Adapting Conservation Easements to Climate Change

28 Pages Posted: 29 Mar 2014 Last revised: 2 Aug 2016

See all articles by Adena R. Rissman

Adena R. Rissman

University of Wisconsin-Madison

Jessica Owley

University of Miami - School of Law

Barton H. Thompson

Stanford Law School

M. Shaw

Environmental Defense Fund

Date Written: March 25, 2014


Perpetual conservation easements (CEs) are popular for restricting development and land use, but their fixed terms create challenges for adaptation to climate change. The increasing pace of environmental and social change demands adaptive conservation instruments. To examine the adaptive potential of CEs, we surveyed 269 CEs and interviewed 73 conservation organization employees. While only 2% of CEs mentioned climate change, the majority of employees were concerned about climate change impacts. CEs share the fixed-boundary limits typical of protected areas with additional adaptation constraints due to permanent, partial property rights. CEs often have multiple, potentially conflicting purposes that protect against termination but complicate decisions about principled, conservation-oriented adaptation. Monitoring is critical for shaping adaptive responses, but only 35% of CEs allowed organizations to conduct ecological monitoring. Additionally, CEs provided few requirements or incentives for active stewardship of private lands. We found four primary options for changing land use restrictions: CE amendment, management plan revisions, approval of changes through discretionary consent, and updating laws or policies codified in the CE. Conservation organizations, funders, and the IRS should promote processes for principled adaptation in CE terms, provide more active stewardship of CE lands, and consider alternatives to the CE tool.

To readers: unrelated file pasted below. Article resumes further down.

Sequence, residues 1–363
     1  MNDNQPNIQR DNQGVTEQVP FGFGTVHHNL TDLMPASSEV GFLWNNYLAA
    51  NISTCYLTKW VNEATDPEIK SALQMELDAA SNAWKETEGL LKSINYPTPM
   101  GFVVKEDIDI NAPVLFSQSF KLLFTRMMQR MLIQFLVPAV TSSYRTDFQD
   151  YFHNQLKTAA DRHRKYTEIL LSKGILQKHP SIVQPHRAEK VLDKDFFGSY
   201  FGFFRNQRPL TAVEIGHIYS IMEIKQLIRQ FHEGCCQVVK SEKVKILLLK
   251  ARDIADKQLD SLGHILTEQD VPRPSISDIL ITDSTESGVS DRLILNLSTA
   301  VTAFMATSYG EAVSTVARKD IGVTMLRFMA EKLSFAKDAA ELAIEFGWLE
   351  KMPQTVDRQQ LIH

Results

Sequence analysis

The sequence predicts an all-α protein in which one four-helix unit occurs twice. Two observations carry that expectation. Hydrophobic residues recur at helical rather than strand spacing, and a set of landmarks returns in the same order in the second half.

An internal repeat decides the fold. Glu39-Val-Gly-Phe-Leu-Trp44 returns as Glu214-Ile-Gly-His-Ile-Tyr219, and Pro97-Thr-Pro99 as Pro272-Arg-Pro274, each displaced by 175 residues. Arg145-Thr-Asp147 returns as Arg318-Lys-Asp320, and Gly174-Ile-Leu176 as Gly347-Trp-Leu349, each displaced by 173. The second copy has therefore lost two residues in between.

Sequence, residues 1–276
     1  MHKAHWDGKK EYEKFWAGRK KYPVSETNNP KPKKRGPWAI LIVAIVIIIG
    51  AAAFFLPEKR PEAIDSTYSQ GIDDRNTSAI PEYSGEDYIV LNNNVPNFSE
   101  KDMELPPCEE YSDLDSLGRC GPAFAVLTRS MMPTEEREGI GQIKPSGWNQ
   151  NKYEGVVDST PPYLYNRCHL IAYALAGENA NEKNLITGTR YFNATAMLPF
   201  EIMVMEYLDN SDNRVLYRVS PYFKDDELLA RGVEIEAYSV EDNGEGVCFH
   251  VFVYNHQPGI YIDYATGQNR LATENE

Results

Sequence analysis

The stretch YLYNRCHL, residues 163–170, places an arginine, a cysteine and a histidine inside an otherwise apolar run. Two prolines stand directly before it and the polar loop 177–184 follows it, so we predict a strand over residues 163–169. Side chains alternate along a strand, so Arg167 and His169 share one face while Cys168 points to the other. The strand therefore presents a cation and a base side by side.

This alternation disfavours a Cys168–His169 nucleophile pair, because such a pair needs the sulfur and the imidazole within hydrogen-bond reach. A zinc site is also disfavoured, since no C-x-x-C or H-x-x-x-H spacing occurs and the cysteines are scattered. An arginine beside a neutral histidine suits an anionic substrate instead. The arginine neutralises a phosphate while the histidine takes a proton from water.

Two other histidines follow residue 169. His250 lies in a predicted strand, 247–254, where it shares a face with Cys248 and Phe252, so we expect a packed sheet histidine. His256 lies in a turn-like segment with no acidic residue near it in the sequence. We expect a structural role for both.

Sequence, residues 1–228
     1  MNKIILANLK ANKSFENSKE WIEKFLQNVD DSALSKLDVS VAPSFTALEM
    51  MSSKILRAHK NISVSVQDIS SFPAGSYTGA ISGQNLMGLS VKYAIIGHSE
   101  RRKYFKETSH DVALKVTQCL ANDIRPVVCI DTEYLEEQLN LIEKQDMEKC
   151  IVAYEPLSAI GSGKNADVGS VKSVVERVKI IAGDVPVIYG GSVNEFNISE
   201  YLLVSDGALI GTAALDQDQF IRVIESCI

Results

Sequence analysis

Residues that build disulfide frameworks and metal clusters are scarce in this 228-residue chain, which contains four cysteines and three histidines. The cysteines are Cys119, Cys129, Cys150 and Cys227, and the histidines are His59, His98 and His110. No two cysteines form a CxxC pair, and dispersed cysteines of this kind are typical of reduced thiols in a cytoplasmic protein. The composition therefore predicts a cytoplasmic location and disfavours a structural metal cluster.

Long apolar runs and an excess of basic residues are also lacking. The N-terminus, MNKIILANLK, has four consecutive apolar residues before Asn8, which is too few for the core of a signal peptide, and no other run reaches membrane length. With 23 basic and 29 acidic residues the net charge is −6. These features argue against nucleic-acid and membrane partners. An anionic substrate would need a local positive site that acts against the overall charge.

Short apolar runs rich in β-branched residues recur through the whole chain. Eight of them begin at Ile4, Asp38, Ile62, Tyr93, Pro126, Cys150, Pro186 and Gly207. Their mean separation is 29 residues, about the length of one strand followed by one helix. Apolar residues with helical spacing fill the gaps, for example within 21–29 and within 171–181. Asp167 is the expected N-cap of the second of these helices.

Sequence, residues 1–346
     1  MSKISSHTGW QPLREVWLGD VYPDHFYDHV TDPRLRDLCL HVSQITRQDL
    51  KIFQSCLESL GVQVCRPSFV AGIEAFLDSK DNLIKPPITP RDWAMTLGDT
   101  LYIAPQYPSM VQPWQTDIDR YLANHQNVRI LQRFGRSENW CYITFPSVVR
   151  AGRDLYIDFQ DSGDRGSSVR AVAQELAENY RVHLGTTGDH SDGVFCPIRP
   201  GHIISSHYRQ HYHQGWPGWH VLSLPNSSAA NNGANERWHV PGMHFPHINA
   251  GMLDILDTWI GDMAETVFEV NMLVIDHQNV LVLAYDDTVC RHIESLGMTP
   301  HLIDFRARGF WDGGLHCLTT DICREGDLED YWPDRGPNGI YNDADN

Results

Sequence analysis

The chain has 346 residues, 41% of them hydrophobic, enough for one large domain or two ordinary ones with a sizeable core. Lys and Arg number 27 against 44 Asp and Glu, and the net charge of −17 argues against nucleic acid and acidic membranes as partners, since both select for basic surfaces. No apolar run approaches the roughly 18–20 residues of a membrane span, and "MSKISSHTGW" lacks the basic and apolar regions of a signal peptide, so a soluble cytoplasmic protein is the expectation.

Keywords: climate change, conservation easements, land trusts, private land conservation, protected areas

Suggested Citation

Rissman, Adena R. and Owley, Jessica and Thompson, Barton H. and Shaw, M., Adapting Conservation Easements to Climate Change (March 25, 2014). Conservation Letters, 2014, SUNY Buffalo Legal Studies Research Paper No. 2014-022, Available at SSRN:

Adena R. Rissman

University of Wisconsin-Madison ( email )

1630 Linden Drive
Madison, WI 53706-1481
United States


Jessica Owley (Contact Author)

University of Miami - School of Law ( email )

P.O. Box 248087
Coral Gables, FL 33146
United States

Barton H. Thompson

Stanford Law School ( email )

559 Nathan Abbott Way
Stanford, CA 94305-8610
United States
650-723-2518 (Phone)
650-725-8509 (Fax)

M. Shaw

Environmental Defense Fund ( email )

1875 Connecticut ave
257 Park Avenue South
Washington, DC 20009
United States
415 293 6159 (Phone)
415 293 6051 (Fax)


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